While “Win a Date with Tad Hamilton!” offers Topher Grace his first lead movie role, he says he didn’t consciously seek a breakout role or star turn.
“That’s like an agent’s rule that you have to put yourself front and center,” says the 25-year-old actor who plays beleaguered Eric Forman on “That ’70s Show.” “I’m big-time into ensembles.
“I just don’t know why people do films where they’re all alone because you’re missing an opportunity to really have a lot of people make you better and you can make them better. It’s sort of like a team sport.”
As a teenager, Grace wanted to be a pro tennis player, but sprained his ankle twice.
He’d filled small roles in school plays, and when he couldn’t play sports anymore he tried for the lead in “A Funny Thing Happened on the Way to the Forum.”
A funny thing happened on his way to a college degreeTerry and Bonnie Turner, creators of TV’s “3rd Rock from the Sun,” were in the audience at the school in New Hampshire — where their daughter also went — and were so impressed with Grace as the fast-talking Roman slave Pseudolus that they later sought him to star in their upcoming sitcom “That ’70s Show.”
He dropped out of college to take the role. Although he had no formal training as an actor, Grace says he’s learned a lot since then.
“Doing a sitcom is like a graduate school in acting,” he says. “It’s wonderful because you can kind of suck at the beginning and it’s not really your fault as long as you’re Darwinian about it and you evolve. Then you’re OK.”
He signed on for a seventh season of the sitcom, but after next year he plans to pursue other roles, maybe even go back and finish college.
Being “the other guy”Meanwhile, he’s banking on “Win a Date ...” and hoping audiences appreciate his effort to dodge the romantic-comedy cliche of being “the other guy.”
“There’s an interpretation of this character where he is already flawed for some reason and has to overcome that flaw, but I wanted to make him a great, normal, ambitious guy who maybe had a chance to ask her out in fifth grade and blew it.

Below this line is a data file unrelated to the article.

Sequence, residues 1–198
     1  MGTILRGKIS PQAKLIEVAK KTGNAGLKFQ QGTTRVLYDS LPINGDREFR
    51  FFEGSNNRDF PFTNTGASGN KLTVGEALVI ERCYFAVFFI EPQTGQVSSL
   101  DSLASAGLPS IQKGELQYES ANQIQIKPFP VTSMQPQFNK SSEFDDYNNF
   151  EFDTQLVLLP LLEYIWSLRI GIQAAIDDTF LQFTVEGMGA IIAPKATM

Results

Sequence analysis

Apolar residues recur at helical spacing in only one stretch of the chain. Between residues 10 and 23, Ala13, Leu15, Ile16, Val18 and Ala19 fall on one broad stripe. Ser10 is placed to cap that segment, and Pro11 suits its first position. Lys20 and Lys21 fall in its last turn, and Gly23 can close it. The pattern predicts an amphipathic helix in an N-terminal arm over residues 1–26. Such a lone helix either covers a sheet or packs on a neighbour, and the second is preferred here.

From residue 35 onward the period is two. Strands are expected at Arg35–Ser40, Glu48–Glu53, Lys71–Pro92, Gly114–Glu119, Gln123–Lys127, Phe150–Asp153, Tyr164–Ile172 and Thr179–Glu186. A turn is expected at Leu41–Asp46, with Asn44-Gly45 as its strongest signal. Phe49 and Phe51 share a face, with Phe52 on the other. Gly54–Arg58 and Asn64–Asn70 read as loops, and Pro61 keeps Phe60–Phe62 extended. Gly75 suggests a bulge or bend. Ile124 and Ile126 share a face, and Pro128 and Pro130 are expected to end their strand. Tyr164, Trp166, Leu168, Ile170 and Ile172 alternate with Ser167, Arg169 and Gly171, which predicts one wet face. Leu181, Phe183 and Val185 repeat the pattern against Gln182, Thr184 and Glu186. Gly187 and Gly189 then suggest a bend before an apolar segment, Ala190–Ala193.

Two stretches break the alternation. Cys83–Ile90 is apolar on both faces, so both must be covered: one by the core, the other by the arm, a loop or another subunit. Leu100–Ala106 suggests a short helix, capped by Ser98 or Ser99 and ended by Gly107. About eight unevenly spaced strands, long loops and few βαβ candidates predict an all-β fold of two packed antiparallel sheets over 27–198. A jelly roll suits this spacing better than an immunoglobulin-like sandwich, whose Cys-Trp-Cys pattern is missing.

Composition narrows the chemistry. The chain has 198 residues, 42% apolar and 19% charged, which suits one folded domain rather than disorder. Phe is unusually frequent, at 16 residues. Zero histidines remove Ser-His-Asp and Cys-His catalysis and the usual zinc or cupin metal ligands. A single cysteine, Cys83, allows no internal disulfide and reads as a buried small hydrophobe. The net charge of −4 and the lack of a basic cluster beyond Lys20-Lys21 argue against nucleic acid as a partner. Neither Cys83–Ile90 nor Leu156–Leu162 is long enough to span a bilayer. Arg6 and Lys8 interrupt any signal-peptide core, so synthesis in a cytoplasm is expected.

“He’s a victim of nothing but circumstance, you know? No matter how good-looking you are, if Brad Pitt starts dating this girl you like, you’re in trouble.”
Grace plays a regular guy whose small-town true love is wooed by a Hollywood actor.
“You know when you wonder is that person really like that? Most of the time they’re not in Hollywood,” he says.
For instance, Grace says, his “Win a Date ...” co-star Kate Bosworth, who plays the young lady from West Virginia who wins a night on the town with her favorite movie hunk (former “All My Children” soap opera star Josh Duhamel) is just as goofy, sweet and bubbly in real life.
An “old soul”But is Grace like his screen alter egos?
He definitely has his Formanisms, a dry sense of humor and a relaxed, eyes-half-open attitude. But Grace, who gets his nickname from the latter half of Christopher, doesn’t seem nearly as desperate or comically unhinged as the small-town grocer he plays in “Win a Date ...”
Above all, he seems confident — and scrupulously careful.
“He’s got an old soul,” said friend Ginnifer Goodwin who co-starred with him in “Mona Lisa Smile” and plays his gal pal in “Win a Date ...”
And Ashton Kutcher says his super-serious “That ’70s Show” co-star wasn’t interested in being a practical joke victim on the celebrity prank show “Punk’d,” recalling:
“He said to me, ‘If you ever put me on your show I won’t sign off on it, so it won’t even matter.”’